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dc.contributor.authorDriver, Maria Sosonkina Jr.en_US
dc.date.accessioned2014-03-14T20:22:34Z
dc.date.available2014-03-14T20:22:34Z
dc.date.issued1997-09-05en_US
dc.identifier.otheretd-81897-131850en_US
dc.identifier.urihttp://hdl.handle.net/10919/30718
dc.description.abstractGlobally convergent homotopy methods are used to solve difficult nonlinear systems of equations by tracking the zero curve of a homotopy map. Homotopy curve tracking involves solving a sequence of linear systems, which often vary greatly in difficulty. In this research, a popular iterative solution tool, GMRES(k), is adapted to deal with the sequence of such systems. The proposed adaptive strategy of GMRES(k) allows tuning of the restart parameter k based on the GMRES convergence rate for the given problem. Adaptive GMRES(k) is shown to be superior to several other iterative techniques on analog circuit simulation problems and on postbuckling structural analysis problems. Developing parallel techniques for robust but expensive sequential computations, such as globally convergent homotopy methods, is important. The design of these techniques encompasses the functionality of the iterative method (adaptive GMRES(k)) implemented sequentially and is based on the results of a parallel performance analysis of several implementations. An implementation of adaptive GMRES(k) with Householder reflections in its orthogonalization phase is developed. It is shown that the efficiency of linear system solution by the adaptive GMRES(k) algorithm depends on the change in problem difficulty when the problem is scaled. In contrast, a standard GMRES(k) implementation using Householder reflections maintains a constant efficiency with increase in problem size and number of processors, as concluded analytically and experimentally. The supporting numerical results are obtained on three distributed memory homogeneous parallel architectures: CRAY T3E, Intel Paragon, and IBM SP2.en_US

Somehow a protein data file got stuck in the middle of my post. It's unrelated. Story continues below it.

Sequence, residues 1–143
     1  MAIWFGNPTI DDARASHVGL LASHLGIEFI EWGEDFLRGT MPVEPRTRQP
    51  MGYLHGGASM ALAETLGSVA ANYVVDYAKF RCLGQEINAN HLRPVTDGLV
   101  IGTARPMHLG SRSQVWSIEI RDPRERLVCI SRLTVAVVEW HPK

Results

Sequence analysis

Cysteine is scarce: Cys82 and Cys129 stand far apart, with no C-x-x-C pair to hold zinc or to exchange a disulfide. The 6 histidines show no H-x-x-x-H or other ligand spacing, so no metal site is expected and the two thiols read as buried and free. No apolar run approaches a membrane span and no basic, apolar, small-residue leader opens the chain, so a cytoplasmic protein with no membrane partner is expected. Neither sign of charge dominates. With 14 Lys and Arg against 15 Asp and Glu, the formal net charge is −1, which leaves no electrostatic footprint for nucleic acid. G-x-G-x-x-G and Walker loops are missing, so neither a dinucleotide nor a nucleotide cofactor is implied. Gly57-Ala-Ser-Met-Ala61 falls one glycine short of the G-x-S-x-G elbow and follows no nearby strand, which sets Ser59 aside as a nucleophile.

dc.publisherVirginia Techen_US
dc.relation.haspartmasha.pdfen_US
dc.rightsI hereby grant to Virginia Tech or its agents the right to archive and to make available my thesis or dissertation in whole or in part in the University Libraries in all forms of media, now or hereafter known. I retain all proprietary rights, such as patent rights. I also retain the right to use in future works (such as articles or books) all or part of this thesis or dissertation.en_US
dc.subjectKrylov subspace methodsen_US
dc.subjectscientific computingen_US
dc.subjectiterative methodsen_US
dc.titleParallel Sparse Linear Algebra for Homotopy Methodsen_US
dc.typeDissertationen_US
dc.contributor.departmentComputer Scienceen_US
dc.description.degreePh. D.en_US
thesis.degree.namePh. D.en_US
thesis.degree.leveldoctoralen_US
thesis.degree.grantorVirginia Polytechnic Institute and State Universityen_US
thesis.degree.disciplineComputer Scienceen_US
dc.contributor.committeechairWatson, Layne T.en_US
dc.contributor.committeememberJones, Mark T.en_US
dc.contributor.committeememberHeath, Lenwood S.en_US
dc.contributor.committeememberAllison, Donald C. S.en_US
dc.contributor.committeememberBeattie, Christopher A.en_US
dc.identifier.sourceurlhttp://scholar.lib.vt.edu/theses/available/etd-81897-131850/en_US
dc.date.sdate1997-09-05en_US
dc.date.rdate1998-09-19
dc.date.adate1997-09-19en_US


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